Second point here is that the EIS laid out certain “mitigation measures” that were anticipated by the Board of Supervisors and the Bureau of Reclamation when they approved the EIS in 2012 that would be implemented before any project was put into practice under the RMP and must be fulfilled even under a CEQA exemption. None, as far as can be determined, had been completed before there were changes in the Live Oak Trail activities (April 15, 2021). The mitigation measures associated with each identified impact in the EIS usually must be addressed and implemented prior to any project moving forward.
One of these mitigation measures is a Trail Management Plan (attached). The Trail Management Plan we have been provided is incomplete and inadequate to address all the impacts identified in the EIS.
Why Live Oak Trail Management Plan couldn’t have a review process the same as Baron Ranch Trail Management Plan that occurred in Late 2019? The Park Staff took these comments under consideration and this discussion will continue in the future.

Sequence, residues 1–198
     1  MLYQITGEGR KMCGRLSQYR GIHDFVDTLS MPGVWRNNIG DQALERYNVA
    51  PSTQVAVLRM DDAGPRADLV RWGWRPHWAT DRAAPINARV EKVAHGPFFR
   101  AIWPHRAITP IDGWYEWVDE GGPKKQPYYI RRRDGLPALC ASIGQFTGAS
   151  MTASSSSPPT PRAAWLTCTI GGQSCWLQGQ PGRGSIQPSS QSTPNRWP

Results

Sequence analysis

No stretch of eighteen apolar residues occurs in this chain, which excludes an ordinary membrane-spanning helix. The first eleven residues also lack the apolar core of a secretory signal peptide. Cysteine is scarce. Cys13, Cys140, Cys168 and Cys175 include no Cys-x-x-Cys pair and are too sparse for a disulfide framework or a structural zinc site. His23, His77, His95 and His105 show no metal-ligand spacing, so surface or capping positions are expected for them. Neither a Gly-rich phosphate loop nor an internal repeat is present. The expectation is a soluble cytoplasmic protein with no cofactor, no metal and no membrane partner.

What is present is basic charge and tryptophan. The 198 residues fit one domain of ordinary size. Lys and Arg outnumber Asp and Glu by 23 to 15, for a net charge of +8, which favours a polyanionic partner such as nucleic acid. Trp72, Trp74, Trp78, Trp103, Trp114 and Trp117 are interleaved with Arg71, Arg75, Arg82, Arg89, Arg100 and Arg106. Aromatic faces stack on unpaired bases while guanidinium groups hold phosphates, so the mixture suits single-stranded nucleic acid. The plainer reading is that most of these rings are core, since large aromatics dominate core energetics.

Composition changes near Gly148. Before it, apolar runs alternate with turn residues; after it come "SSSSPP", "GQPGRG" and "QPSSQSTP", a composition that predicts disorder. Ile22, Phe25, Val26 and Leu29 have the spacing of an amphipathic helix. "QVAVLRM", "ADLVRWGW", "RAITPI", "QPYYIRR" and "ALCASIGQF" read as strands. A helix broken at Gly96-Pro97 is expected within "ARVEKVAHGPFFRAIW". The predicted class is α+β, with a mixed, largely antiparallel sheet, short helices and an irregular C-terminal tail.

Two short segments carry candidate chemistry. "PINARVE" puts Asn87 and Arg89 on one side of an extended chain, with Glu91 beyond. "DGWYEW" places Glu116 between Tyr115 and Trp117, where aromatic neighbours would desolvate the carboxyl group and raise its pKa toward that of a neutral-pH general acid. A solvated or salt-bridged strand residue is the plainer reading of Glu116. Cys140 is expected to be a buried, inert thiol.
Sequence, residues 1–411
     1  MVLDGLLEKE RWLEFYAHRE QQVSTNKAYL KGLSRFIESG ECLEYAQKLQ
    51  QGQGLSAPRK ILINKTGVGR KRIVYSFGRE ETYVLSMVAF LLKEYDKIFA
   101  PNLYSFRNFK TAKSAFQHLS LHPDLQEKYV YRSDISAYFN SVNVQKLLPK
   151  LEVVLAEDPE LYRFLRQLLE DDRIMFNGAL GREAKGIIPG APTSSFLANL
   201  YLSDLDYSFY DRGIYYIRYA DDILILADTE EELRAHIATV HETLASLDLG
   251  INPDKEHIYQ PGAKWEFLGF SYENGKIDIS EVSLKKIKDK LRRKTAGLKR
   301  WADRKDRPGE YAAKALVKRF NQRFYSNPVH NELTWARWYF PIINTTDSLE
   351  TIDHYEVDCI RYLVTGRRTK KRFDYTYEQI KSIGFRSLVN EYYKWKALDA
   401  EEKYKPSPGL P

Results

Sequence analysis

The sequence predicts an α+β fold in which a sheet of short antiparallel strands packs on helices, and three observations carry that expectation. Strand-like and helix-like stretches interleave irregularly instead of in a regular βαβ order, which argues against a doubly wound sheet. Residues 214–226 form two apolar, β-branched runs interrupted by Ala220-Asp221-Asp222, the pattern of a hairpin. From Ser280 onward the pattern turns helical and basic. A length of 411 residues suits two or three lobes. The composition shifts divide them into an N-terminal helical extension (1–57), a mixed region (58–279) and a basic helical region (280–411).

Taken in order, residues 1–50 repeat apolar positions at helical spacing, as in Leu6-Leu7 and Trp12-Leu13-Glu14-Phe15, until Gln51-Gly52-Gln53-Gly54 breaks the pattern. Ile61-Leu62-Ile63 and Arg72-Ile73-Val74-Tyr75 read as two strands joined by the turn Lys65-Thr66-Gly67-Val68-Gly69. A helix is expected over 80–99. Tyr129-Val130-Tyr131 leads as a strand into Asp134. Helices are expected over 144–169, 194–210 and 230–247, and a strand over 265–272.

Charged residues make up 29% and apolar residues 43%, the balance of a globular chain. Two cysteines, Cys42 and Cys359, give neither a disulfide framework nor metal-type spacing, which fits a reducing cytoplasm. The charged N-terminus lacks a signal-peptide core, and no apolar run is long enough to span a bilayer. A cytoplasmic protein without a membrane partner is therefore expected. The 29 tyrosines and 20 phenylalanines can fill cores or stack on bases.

If you’re curious, you can see the mitigation measures in the RMP at https://www.usbr.gov/mp/nepa/includes/documentShow.php?Doc_ID=5637 . Please scroll down to Page 4-23. Alternative 2 is the alternative the County is operating under and the one to pay attention to. It requires a bit of reading, but there are multiple areas, such as fire protection and wildlife impacts, that need to be included in and addressed in the Trails Management Plan. On Page 4-72, the impacts and mitigations are summarized to a certain degree.
If you have questions about these discussions, please email your questions to email@example.com. If you see something, say something...please call the Rangers at 1 (805) 686-5055 and make a report.
It’s a complicated process and we’ll continue to keep you up to date as best we can.